Flawed by Cecelia Ahern
Publication: March 24th 2016 by Harper Collins
Format: eBook Pages: 334
‘You will be punished…
Celestine North lives a perfect life. She’s a model daughter and sister, she’s well-liked by her classmates and teachers, and she’s dating the impossibly charming Art Crevan.
But then Celestine encounters a situation where she makes an instinctive decision. She breaks a rule and now faces life-changing repercussions. She could be imprisoned. She could be branded. She could be found flawed.
In her breathtaking young adult debut, bestselling author Cecelia Ahern depicts a society where perfection is paramount and flaws lead to punishment. And where one young woman decides to take a stand that could cost her everything.’ – Goodreads
[Guest review by Nalisha.]
Celestine North is more than an average teenager. She is an aspiring mathematician, a model student, the ideal daughter. She strives for excellence in all ways. She is perfect. She is infatuated with Art Crevan – her first love and son of one of the most powerful men in the country Judge Crevan. However, Celestine’s perfect life goes south after she makes a single mistake that lands her on trial in the courts of The Guild. Turns out Judge Crevan, the man she hoped to be her future father-in-law, is practically the devil incarnate.
The Guild is an organisation set-up to enforce a morally and ethically sound society. It is separate from the police and courts of law and it is not a religious institution. There are only two verdicts: Perfect or Flawed. Being Flawed is not the same as being a convicted criminal – it is far, far worse.
‘The Flawed are regular citizens who have made moral or ethical mistakes.’
They are branded on bare skin, segregated from society and condemned to suffer for the rest of their living days. The Flawed are forced to keep their scarred, branded skin on display, to wear identifiable armbands and are stripped of all luxuries and many necessities in life, in order to set an example to the public.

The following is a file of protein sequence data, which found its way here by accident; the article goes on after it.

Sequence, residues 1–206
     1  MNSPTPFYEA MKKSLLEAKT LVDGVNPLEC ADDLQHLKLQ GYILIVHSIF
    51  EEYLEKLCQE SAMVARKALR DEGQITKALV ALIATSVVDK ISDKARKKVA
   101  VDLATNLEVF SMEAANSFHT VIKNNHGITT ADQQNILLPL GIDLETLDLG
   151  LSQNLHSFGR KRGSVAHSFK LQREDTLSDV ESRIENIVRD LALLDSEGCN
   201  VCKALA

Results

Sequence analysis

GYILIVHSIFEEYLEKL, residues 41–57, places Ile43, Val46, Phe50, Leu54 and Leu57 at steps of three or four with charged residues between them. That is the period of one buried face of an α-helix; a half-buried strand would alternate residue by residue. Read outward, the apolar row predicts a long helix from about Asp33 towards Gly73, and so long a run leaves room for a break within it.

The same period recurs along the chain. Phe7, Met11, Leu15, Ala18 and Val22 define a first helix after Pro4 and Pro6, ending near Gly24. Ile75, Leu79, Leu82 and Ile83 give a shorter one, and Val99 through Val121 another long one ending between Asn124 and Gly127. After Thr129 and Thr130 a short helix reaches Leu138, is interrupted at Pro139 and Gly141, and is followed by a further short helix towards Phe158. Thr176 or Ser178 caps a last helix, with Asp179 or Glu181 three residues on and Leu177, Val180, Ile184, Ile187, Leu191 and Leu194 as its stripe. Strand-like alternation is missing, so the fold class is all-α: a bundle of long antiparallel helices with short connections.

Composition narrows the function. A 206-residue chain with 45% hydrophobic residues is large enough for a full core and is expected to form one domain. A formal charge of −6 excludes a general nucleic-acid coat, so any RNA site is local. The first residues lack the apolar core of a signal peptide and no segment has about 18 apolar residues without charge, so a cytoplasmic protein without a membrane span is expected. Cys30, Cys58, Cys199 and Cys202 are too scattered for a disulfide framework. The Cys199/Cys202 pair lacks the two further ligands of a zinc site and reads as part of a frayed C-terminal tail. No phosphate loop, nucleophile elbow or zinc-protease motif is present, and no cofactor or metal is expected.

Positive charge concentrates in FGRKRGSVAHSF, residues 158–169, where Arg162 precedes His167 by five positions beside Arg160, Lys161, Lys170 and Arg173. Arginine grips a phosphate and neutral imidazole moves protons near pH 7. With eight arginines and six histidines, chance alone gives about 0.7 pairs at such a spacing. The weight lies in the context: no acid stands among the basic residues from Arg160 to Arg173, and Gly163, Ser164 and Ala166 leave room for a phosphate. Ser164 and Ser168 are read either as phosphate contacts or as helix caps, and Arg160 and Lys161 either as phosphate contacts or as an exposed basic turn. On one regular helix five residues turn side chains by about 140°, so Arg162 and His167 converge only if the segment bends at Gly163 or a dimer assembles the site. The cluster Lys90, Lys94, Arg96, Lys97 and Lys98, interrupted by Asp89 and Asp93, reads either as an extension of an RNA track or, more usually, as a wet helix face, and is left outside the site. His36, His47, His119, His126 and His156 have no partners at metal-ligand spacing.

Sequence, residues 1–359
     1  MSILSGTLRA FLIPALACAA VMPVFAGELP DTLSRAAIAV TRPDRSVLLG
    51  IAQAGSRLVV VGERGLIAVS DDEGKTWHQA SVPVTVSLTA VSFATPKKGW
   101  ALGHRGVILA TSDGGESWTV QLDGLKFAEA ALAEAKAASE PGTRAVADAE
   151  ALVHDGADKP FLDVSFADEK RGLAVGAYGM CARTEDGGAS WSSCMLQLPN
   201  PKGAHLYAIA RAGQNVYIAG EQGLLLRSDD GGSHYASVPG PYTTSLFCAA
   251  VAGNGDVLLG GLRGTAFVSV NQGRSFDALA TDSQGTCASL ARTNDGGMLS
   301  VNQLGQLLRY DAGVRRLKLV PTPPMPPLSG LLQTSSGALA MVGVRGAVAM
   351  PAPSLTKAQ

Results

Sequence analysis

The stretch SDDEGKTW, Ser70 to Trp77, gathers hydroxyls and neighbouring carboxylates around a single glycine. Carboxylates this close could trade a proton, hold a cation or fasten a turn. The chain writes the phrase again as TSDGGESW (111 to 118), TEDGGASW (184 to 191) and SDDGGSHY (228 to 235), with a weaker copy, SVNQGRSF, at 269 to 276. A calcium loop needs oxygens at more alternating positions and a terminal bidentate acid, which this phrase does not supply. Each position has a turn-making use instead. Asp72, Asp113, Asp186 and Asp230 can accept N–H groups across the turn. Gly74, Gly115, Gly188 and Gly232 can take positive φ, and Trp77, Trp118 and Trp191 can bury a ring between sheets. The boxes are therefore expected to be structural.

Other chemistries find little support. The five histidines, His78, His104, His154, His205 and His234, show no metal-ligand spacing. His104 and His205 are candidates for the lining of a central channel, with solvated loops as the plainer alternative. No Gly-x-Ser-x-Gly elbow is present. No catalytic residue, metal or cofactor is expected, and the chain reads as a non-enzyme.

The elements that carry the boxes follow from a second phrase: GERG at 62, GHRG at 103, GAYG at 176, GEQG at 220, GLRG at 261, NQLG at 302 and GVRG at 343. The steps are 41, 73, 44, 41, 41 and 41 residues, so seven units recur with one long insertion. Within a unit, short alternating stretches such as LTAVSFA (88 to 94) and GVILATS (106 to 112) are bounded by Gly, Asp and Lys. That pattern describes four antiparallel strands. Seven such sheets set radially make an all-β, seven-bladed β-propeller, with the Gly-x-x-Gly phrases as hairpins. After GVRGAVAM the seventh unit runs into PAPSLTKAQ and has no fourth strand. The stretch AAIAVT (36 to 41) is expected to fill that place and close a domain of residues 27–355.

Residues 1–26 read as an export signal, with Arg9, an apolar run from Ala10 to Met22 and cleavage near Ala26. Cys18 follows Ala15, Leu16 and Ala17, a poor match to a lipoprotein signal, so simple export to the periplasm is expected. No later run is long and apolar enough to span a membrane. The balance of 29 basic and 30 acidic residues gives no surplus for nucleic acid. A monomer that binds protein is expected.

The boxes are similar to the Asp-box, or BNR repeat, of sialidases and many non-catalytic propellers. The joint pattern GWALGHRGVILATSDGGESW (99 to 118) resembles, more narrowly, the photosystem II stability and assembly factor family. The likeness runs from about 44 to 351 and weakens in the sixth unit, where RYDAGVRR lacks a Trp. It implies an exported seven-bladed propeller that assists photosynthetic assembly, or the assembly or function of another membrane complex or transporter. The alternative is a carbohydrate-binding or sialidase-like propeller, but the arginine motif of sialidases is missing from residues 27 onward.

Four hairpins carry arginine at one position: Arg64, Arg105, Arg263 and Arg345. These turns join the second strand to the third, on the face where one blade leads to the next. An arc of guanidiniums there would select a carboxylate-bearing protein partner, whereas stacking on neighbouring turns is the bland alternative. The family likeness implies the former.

While reading Flawed, I could not stop certain questions from flooding my mind: Why can someone be found guilty of a crime and imprisoned, but not be deemed Flawed? Is there a penalty worse than being Flawed? Is going to prison better than being Flawed – why? What caused The Guild to be created in the first place?
More often than not, I felt I was picking fault with the concept of The Guild and the structure of this dystopian society, rather than questioning morality. There was more exploration of the moral and ethics of the society in the latter half of the book, but I think this lacked depth and detail overall.
For someone as perfect as Celestine, I did not like her at all in the beginning. Not even a little. Celestine lacked emotional intelligence and empathy. Her speech was clipped and repetitive. She was patronising and highly judgemental of others for the pettiest reasons. She had an over simplified, dualistic mentality which lacked the logic she so regularly claimed to have. Her personality was simply tedious. But for each thing I disliked about Celestine, I found traits I liked in other characters to keep me going.
As the story progressed, Celestine began to change. Her character began to grow on me and I grew concerned for her wellbeing. She develops some guts and compassion for others, albeit through extreme suffering because of her mistakes. She starts to question her inner demons, her relationships and her prejudices. She feels the fear and goes against the grain anyway. By the end of the story, she becomes the catalyst for something that is bigger than she could ever have planned for.
Despite some of the questions gnawing in the back of my mind, I enjoyed Flawed. I would be lying if I said I was not curious to find out what becomes of Celestine.
The sequel, Perfect by Cecelia Ahern is expected to be published on April 4th, 2017.